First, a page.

Dr Wayne Usher is an experienced and versatile educator, currently working on the cutting edge of interdisciplinary research, fusing sport, psychology and social inclusion for people with disabilities. With a breadth of work experience in primary, secondary and higher educational settings and as a multi-skilled athlete and coach, Wayne is interested in research that supports social, community and organisational impact.
Wayne has spent 17 years at Griffith University in the Education faculty, where he is now a Senior Lecturer in Health and Physical Education, convening large undergraduate and postgraduate (Masters) courses.
He has been responsible for bringing together the National Rugby League’s (NRL) Game Development Committee and Griffith University’s Psychology faculty to design and implement the RISE program – a program to support the mental health and personal development of Junior Rugby League players’ performance, participation and personal well-being. From such an ongoing partnership, there have been a number of external grants and publications.
“In the past, I would have the NRL come out to the University to demonstrate game delivery within a school physical education environment for my students. From this collaboration, I commenced a research partnership, with the NRL, to investigate Junior Rugby League retention rates. From this report, and others, several changes in the game were explored, one of which is the RISE program. It is an excellent example of inter-disciplinary research.”
Dr Usher’s research was part of a large body of international evidence that went to legitimise the need to change the way Junior Rugby League was being designed and implemented in Australia. Initiatives that were developed and implemented from this evidence [including Dr Usher’s research] includes:
1) RISE, 2) League Tag Competitions, 3) 18 Month Registration, 4) Community League, 5) Development Competitions, 6) Tackle Safe, and 7) Weight Related.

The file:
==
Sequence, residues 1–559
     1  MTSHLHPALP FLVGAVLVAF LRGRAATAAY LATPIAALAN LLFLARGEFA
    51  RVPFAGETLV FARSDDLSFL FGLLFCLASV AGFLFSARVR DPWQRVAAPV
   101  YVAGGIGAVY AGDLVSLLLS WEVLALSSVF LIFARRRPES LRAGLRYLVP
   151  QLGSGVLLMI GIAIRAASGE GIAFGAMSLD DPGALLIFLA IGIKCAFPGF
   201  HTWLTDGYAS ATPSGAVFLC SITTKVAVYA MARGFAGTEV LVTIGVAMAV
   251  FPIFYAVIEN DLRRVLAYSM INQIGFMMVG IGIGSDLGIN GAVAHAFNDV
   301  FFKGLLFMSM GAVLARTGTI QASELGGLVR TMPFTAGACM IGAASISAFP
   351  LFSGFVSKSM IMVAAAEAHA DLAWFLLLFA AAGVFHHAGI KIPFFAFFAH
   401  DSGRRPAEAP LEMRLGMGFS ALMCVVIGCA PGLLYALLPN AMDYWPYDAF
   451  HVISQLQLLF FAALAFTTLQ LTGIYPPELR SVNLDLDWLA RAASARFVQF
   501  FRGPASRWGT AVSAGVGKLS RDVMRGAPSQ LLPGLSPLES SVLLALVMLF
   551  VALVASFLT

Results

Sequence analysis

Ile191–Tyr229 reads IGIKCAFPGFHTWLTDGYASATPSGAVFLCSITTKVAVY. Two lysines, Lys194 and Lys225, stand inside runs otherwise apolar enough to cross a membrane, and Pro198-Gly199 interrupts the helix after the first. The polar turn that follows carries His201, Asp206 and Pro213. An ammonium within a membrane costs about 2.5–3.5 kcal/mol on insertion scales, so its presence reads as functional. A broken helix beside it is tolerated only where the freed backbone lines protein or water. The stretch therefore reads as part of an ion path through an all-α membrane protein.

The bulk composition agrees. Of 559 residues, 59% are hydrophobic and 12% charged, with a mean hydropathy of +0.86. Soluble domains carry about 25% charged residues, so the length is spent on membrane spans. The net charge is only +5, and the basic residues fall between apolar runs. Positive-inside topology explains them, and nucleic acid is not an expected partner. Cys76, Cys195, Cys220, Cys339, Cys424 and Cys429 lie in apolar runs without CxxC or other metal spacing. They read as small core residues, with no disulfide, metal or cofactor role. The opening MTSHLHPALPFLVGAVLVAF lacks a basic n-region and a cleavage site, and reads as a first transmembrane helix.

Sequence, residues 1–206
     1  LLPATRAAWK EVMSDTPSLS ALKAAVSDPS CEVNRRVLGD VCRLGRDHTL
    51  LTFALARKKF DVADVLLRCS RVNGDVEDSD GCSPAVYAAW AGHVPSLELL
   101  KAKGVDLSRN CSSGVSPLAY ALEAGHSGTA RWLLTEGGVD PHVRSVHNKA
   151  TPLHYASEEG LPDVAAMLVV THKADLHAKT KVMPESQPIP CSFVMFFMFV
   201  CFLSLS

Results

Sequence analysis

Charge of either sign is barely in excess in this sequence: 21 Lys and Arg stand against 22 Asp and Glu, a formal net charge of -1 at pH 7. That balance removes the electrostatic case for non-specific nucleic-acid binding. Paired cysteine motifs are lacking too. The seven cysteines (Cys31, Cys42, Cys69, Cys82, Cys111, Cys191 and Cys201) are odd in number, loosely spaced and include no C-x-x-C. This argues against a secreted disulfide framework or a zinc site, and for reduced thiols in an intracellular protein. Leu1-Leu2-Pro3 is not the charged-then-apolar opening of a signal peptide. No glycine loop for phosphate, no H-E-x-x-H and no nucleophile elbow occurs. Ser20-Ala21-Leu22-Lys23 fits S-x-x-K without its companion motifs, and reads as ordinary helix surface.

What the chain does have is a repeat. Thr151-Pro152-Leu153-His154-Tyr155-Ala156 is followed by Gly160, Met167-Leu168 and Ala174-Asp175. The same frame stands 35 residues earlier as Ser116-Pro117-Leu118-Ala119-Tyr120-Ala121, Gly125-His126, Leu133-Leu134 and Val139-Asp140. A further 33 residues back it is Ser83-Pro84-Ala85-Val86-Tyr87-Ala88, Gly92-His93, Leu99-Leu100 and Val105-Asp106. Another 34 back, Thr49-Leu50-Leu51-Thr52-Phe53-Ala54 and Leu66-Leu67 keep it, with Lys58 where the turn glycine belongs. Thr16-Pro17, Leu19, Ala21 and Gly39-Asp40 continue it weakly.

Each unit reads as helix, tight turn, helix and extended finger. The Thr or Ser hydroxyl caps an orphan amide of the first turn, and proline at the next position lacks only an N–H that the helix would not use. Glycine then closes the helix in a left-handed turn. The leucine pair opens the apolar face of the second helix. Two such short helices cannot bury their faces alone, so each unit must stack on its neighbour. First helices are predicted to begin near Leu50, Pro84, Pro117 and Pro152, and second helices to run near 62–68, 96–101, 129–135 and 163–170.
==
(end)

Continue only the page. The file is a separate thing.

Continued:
Another project Wayne is currently collaborating on is LeagueAbility
“An exciting project that I have the privilege to be involved in, is the Titan’s LeagueAbility. This is providing opportunities for players with a disability to play Rugby League. I get the opportunity to do some coaching, across two 10-week blocks on Wednesday evenings throughout the year. There is a great committee and team of devoted coaches, admin staff and volunteers.”
The LeagueAbility community has a Mission to create a nationwide NRL competition for players with a disability, using sport (RL) as a vehicle for promoting social inclusion for all. This team also has the opportunity to play a match at the Titan’s home game.
“I am wanting to see my research assist LeagueAbility with their Mission to create a nationwide competition for Rugby League players with a disability. The LeagueAbility committee is currently seeking funding and support to help set up these competitions, based upon national and international programs that are already operating successfully.
It’s early days and grass roots at the moment, but it’s getting a lot of interest and traction from other NRL clubs. What the committee is aiming to do is give the clubs the background research to help them set it up – based on national and international best practices. Hopefully, our research can assist in this framework”.
Wayne is working with another GIER expert [Dr Michelle Ronksley – Pavia] on this project, and we are looking forward to seeing the impact and results of such an important collaboration.
On this, he says:
“For me it’s about creating change. That’s what makes research worthwhile. If my research wasn’t making a difference in people’s lives, I wouldn’t be as motivated. Creating change is rewarding, especially in a space where we can afford, motivate and encourage people with a disability to be involved in sport.”
He is also part of a further partnership arrangement with Griffith University and Griffith Sports College, by way of linking Work Integrated Learning (WIL) placements and the LeagueAbility community. This aims to give Griffith students the opportunity to gain experience, increase employability and research in the disability sector.
To read more about this fascinating work and follow Wayne’s collaborative research please see his Griffith experts page and below:
Australia’s National Rugby League’s Player Development Framework: Evaluating strategies (2019).
Doctoral capital and wellbeing amongst Australian PhD students: exploring capital and habitus of doctoral students
Examining the Process of Implementing a Three-Step Mental Health and Wellbeing System of Care for Children and Adolescents Across Multiple Community Settings